Are the police shooting to kill?

The circumstances of police shootings in Malaysia indicate that the police do not try to apprehend suspects alive but shoot with the intention to kill.

By Ding Jo-Ann (The Nut Graph)

POLICE-shooting victim Norizan Salleh never imagined she would ever be shot at. She describes how she felt lying on a highway near Gombak on 30 Oct 2009 after being shot five times by the police while on her way home: “I kept asking myself, ‘Betul ke, saya kena tembak? Is this what it feels like?’

“I felt my body and saw blood on my hands. My breath was becoming shallower and my hands were very cold. I wondered, ‘Is this how it feels like to die?'” Norizan tells The Nut Graph.


Norizan isn’t the only person to have been shot by the police in 2009. In August, two men were gunned down when they reportedly charged at the police with machetes after committing armed robbery in Shah Alam. Then on 8 Nov, police shot dead five men in Klang, also alleged armed robbers. Just a week later, police fatally shot a man who had reportedly run amok with a dagger in Guar Sanji, Perlis.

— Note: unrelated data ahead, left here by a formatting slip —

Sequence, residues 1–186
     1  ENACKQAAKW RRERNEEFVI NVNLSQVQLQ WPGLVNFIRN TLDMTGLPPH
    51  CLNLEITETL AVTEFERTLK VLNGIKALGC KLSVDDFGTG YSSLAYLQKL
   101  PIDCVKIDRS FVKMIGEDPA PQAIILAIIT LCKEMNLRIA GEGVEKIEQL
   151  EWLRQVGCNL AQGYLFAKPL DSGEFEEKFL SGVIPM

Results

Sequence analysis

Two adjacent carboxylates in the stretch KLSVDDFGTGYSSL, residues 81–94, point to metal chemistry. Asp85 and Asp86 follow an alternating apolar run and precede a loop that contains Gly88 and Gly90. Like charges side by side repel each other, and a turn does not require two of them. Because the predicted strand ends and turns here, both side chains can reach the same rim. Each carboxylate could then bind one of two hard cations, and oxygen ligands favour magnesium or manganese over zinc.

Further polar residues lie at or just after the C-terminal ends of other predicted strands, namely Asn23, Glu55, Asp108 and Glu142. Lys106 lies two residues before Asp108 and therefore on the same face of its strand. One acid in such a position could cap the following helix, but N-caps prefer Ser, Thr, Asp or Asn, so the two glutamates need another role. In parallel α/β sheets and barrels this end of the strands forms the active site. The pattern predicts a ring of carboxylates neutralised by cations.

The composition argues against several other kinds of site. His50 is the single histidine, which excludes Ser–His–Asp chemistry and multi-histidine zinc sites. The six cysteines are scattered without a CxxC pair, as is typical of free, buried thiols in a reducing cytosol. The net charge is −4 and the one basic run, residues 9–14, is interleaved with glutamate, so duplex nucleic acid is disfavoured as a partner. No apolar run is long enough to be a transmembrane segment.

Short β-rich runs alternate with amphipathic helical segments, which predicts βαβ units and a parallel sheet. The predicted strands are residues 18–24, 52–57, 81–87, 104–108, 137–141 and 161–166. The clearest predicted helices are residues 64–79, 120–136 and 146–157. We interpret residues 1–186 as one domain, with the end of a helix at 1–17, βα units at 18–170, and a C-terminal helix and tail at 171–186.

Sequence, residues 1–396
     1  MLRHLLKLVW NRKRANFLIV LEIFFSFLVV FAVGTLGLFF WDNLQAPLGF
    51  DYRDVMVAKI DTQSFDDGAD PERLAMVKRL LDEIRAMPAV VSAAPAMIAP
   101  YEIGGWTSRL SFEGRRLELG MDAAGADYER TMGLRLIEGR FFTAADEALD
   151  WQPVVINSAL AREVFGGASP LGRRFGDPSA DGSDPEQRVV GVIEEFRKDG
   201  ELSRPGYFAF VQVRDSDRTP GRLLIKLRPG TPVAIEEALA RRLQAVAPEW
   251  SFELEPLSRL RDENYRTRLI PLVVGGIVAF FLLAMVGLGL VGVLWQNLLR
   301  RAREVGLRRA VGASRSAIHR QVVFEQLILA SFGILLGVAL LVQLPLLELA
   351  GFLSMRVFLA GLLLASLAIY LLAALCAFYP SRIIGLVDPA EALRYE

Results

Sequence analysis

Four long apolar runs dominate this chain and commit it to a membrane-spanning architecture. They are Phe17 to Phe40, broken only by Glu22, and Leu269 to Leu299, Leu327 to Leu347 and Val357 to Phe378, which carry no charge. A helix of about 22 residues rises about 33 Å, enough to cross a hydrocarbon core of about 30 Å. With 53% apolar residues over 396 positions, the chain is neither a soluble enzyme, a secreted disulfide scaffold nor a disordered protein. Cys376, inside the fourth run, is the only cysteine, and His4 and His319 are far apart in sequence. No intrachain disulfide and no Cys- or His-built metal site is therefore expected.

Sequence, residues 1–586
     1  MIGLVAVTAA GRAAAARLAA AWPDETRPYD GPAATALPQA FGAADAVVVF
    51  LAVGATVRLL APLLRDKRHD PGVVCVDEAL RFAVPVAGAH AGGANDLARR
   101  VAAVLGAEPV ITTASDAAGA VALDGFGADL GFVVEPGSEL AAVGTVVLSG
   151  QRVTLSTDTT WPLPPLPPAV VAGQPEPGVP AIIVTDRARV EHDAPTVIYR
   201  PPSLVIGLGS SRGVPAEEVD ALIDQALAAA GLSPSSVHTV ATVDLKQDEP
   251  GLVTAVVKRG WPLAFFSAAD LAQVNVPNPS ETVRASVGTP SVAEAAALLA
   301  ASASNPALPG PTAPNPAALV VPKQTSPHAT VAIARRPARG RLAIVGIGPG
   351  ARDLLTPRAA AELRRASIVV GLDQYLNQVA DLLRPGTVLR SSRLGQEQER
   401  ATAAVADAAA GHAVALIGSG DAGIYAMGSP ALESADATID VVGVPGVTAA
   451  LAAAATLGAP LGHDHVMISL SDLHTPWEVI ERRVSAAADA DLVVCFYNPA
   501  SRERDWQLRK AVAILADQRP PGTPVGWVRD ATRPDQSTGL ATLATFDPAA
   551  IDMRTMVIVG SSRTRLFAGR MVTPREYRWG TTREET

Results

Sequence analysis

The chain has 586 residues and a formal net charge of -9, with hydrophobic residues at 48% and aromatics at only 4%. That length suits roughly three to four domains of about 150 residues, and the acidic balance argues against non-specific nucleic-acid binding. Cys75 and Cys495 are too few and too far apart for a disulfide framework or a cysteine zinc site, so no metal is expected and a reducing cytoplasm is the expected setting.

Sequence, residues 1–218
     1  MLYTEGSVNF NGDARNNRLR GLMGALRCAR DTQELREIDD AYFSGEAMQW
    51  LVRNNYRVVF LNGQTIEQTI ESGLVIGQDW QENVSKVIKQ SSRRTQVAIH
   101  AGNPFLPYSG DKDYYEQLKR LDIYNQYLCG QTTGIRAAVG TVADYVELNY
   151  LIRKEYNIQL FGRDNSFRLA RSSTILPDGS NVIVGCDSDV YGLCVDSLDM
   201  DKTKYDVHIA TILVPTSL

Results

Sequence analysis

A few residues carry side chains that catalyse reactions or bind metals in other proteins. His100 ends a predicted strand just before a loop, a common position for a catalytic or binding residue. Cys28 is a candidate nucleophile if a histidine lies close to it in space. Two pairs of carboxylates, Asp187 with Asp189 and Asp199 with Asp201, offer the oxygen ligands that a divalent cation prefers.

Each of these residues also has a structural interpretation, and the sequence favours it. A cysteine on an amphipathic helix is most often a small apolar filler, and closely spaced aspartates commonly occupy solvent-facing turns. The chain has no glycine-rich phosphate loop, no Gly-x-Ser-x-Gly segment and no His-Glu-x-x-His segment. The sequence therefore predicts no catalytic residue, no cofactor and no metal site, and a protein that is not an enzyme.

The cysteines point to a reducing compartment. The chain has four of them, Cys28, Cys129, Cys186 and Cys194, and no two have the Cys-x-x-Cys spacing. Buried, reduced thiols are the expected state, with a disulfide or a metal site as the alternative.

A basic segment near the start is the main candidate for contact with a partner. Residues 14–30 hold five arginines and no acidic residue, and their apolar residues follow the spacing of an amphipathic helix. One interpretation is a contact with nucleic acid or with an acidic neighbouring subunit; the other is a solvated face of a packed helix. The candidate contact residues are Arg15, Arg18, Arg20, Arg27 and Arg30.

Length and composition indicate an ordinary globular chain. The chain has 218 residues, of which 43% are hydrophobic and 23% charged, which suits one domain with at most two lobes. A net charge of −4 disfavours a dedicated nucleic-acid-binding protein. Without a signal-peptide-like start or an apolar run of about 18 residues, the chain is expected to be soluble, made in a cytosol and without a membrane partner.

While we would certainly like to see less armed robbers and criminals on the streets, does it have to involve the police shooting suspects dead? Are there alternative means of apprehending these suspects alive? And who is policing the police to ensure that they are not indiscriminately using their weapons, thereby causing unnecessary deaths in the process?

Numbers game

Charles Santiago (file pic)
According to Klang MP Charles Santiago, media reports show there were 39 deaths from police shootings in 2009. A Suaram press statement says in 2008, there were 44 such deaths. On average, that’s more than three deaths a month. And that’s not taking into account unreported shootings and deaths in police custody.

Yes, the police must surely have a right to defend themselves and those whom they protect from suspected criminals when life is being threatened.  But why is the death rate from police shootings so high in Malaysia? Consider this. In countries like the United Kingdom, with more than twice our population, there was only one fatal shooting by the police in 2006. In some years, there were none at all.

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